The Supreme Court is no stranger to high-profile, high-stakes cases on reproductive rights, and on Monday, it was that time again — the high court had been to hand down its ruling on Whole Women's Health v. Hellerstedt, its first major abortion-related decision in two decades. Even though the ruling was a victory for women's rights advocates, the decades-long, contentious fight between social conservatives and proponents of reproductive rights is nowhere near over, so maybe you're wondering: how can you help Texas abortion providers and the women who need their service?
As such, you might be looking for some ways to help out right now. And whether it's a matter of providing material or financial support to some of the abortion providers who've been under siege in the Lone Star State in recent years, or by tweaking your priorities when election time rolls around, the impulse makes a whole lot of sense. Fortunately, there are a number of different ways you can make your support felt — here are six options, because if anything's been made plain, it's that a simple Supreme Court ruling one way or the other isn't going to tamp down the heat and tumult of anti-abortion politics in America
1. Donate to Planned Parenthood of Texas
Planned Parenthood is without a doubt America's biggest provider of reproductive health services, and as far as Texas is concerned, they operate five of the state's ever-dwindling supply of abortion clinics. If you've got the money to spare and you'd like to help bolster the organizations at the front-line of the abortion rights battle, consider donating to Planned Parenthood of Greater Texas.
2. Donate To The Texas Equal Access Fund
The Texas Equal Access Fund (TEA Fund) is dedicated to making abortion more affordable and accessible for low-income women, who are invariably the women most harmed by the sorts of new abortion restrictions Texas Republicans have passed in recent years. If you donate to this fund, you'll be helping to provide financial assistance to women who need abortions but might not otherwise be able to afford them.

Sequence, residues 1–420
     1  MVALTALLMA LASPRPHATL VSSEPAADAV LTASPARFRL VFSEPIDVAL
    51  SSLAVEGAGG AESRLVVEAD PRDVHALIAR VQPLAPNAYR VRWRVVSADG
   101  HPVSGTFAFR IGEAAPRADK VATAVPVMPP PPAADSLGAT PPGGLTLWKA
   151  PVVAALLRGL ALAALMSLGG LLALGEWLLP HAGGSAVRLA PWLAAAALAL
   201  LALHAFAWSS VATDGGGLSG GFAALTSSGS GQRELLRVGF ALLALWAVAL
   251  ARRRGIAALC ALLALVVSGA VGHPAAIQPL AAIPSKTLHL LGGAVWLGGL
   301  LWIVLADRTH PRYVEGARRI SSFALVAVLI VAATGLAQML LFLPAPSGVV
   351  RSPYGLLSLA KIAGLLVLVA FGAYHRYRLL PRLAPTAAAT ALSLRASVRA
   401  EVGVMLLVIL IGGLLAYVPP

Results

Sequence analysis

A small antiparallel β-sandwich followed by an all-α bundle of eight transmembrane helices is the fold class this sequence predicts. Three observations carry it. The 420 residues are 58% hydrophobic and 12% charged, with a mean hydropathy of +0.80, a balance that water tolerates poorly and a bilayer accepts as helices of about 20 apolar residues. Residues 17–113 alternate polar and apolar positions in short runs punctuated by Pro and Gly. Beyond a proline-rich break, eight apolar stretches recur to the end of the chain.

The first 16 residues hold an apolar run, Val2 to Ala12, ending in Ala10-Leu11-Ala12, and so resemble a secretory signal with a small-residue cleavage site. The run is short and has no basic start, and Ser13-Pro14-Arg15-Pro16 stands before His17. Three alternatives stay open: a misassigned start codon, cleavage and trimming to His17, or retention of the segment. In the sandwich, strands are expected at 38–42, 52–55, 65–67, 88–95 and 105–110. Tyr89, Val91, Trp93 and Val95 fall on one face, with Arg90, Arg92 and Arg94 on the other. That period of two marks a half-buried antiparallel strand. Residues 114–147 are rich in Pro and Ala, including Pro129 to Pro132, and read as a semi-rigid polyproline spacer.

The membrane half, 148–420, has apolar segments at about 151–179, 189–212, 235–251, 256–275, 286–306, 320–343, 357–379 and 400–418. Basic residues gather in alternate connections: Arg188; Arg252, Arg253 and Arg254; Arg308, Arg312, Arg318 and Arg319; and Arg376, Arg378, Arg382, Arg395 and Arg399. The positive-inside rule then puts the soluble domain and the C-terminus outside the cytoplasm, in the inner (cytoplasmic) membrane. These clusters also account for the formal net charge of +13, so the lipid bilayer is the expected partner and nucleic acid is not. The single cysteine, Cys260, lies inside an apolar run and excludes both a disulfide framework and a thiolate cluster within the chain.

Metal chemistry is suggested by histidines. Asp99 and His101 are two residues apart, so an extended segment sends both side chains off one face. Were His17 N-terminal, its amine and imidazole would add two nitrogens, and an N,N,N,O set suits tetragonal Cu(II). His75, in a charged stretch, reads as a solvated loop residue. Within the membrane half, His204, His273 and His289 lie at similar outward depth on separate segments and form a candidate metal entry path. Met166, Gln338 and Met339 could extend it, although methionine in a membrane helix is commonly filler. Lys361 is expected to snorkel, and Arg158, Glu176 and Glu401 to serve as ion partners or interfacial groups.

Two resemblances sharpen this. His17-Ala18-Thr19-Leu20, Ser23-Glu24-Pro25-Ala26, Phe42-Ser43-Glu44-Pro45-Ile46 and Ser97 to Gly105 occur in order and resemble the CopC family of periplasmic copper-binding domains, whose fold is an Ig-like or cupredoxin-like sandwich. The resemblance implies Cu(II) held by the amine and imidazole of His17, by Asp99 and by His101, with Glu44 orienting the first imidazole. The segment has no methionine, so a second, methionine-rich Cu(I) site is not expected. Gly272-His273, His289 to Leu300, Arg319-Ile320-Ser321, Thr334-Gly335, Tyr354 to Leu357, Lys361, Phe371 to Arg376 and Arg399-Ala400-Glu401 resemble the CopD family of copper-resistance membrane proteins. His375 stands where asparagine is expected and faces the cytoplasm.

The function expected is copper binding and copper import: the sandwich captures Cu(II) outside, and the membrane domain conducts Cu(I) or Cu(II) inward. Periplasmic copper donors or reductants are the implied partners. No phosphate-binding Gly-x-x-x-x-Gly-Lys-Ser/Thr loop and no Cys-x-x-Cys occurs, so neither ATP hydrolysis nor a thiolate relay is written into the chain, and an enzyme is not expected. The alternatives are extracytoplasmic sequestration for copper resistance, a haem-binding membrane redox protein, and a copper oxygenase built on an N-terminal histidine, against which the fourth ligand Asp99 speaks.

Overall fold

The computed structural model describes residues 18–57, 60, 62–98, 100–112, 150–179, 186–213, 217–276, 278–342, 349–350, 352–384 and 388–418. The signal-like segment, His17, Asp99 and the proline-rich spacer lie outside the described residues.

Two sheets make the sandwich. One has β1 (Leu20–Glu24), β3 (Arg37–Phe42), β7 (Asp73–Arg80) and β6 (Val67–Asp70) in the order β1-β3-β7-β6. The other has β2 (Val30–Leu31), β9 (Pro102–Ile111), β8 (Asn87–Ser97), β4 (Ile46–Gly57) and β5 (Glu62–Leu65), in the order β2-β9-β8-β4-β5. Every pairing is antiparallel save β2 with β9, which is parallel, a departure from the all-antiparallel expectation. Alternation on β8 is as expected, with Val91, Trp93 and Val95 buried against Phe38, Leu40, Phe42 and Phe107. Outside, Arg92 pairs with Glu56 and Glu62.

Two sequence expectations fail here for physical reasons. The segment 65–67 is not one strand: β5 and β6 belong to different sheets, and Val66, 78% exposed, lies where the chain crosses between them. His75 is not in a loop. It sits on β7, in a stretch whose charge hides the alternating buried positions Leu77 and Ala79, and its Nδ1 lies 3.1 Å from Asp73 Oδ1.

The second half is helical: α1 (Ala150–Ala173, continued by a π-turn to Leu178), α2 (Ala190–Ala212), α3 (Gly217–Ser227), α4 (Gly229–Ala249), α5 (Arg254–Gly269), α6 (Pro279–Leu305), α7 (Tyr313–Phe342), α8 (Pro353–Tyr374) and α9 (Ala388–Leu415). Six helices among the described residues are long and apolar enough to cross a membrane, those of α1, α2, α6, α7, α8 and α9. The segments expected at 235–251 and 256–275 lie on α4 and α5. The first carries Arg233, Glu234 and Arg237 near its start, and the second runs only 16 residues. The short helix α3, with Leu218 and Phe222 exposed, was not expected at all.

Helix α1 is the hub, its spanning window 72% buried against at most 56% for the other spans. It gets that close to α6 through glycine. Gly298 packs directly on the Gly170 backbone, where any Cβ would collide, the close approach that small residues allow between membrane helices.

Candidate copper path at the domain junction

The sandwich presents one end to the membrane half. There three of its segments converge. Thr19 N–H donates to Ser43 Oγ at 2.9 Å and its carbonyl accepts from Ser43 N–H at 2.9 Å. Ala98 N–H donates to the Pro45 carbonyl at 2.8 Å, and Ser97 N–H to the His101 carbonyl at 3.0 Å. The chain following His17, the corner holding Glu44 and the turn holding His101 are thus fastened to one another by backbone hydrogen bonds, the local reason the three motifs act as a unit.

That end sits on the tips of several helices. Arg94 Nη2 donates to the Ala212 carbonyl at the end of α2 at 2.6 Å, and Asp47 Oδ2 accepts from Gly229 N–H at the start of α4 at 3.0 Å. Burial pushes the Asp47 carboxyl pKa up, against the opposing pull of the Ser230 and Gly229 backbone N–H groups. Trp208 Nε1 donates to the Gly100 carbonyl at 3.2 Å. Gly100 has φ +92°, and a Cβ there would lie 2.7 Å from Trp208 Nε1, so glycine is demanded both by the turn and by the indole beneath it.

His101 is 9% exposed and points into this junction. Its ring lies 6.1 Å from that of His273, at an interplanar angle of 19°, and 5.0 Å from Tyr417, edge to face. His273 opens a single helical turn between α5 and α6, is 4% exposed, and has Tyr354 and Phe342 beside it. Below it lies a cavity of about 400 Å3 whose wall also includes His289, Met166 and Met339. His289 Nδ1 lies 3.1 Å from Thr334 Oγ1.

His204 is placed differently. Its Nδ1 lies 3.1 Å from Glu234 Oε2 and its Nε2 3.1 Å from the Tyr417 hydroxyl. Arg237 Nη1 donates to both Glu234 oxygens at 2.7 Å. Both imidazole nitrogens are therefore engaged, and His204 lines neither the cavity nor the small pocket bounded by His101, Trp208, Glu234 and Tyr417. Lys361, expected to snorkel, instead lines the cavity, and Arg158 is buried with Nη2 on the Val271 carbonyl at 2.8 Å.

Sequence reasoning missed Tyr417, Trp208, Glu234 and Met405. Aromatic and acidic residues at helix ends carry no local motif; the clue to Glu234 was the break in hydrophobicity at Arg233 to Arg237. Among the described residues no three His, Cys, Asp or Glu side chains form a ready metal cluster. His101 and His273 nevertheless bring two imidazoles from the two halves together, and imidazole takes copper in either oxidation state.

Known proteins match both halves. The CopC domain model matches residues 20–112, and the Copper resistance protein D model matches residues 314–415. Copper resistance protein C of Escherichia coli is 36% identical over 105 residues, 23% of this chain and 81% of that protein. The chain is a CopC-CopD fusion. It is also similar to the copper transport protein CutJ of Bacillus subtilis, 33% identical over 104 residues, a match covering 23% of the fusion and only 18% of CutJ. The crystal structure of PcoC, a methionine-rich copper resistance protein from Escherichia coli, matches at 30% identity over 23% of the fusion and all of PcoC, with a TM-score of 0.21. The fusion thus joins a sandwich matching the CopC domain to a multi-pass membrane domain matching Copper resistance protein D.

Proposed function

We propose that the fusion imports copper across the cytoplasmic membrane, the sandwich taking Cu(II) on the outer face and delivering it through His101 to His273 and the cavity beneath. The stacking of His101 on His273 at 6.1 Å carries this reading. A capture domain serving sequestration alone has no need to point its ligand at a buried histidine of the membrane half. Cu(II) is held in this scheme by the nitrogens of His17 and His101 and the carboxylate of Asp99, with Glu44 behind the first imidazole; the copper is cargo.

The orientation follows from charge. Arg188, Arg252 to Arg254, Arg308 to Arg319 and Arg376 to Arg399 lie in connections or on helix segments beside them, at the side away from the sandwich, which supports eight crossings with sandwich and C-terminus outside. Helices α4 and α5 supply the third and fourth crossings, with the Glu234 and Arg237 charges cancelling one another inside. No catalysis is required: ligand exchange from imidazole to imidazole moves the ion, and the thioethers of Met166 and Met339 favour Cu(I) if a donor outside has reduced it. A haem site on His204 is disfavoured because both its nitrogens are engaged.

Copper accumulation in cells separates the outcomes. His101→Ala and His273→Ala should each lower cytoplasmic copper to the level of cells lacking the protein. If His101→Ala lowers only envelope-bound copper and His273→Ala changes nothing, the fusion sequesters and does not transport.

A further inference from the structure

3. Donate To NARAL Pro-Choice Texas
The Texas chapter of NARAL, the longtime, national abortion rights advocacy group, is also a perfectly appropriate place to direct some of your money — again, be realistic about whether you have the cash to responsibly spend, but if you do, it'll surely be greatly appreciated.
4. Oppose TRAP Laws Wherever They're Proposed
It's important not to forget exactly how abortion access in Texas was so severely curtailed, and what the ostensible justification was — the so-called TRAP laws (targeted regulation of abortion providers) were billed as reforms to protect the health of Texas women, but in practice they've had a far more predictable effect.
These kinds of restrictions have been proposed and passed in more states than Texas, and there's really no better time to oppose them than early, when things can still be impacted by pressure at the state and local levels. If your state legislature starts considering rafts of new abortion regulations, don't wait around for them to become laws that have to be overcome through a judicial battle — devote as much time, money, and energy as you have to get the word out.
5. Make Abortion A Central Voting Issue
If there's any big adjustment you could make to your personal political worldview that might help abortion access in states like Texas and beyond, it's this: make it an absolutely core voting issue, a hard litmus test to apply uncompromisingly to prospective candidates, and encourage your friends and family to do the same. The thing about opposition to abortion is that it's regularly very deeply held, enough so that it can override other concerns. While you should never abandon all other rational concerns, don't be afraid to make reproductive rights your 1A issue, both in terms of voting and public advocacy.
There's a movement in America that's dedicated to stigmatizing those who speak out unapologetically for reproductive rights. Don't let them convince you not to speak out.
6. Make The Supreme Court A Central Voting Issue
That last part is doubly true as far as the Supreme Court is concerned — if you want to see reproductive rights protected in this country, and abortion upheld as a constitutionally protected right, that's going to demand justices on the bench who view it the same way. The Democratic Party has had some talk of Supreme Court litmus tests this primary season, but not about abortion — Vermont Sen. Bernie Sanders has repeatedly pledged to only appoint justices who'd overturn the court's 2010 ruling in Citizens United v. FEC.
While it's a virtual guarantee that a Democratic president's Supreme Court nominee would be more favorable for abortion rights than a Republican's, that doesn't mean you should get complacent — advocate for strong pro-choice justices whenever you have the chance, and make sure you let presumptive Democratic nominee Hillary Clinton know that you won't accept any half-measures on this.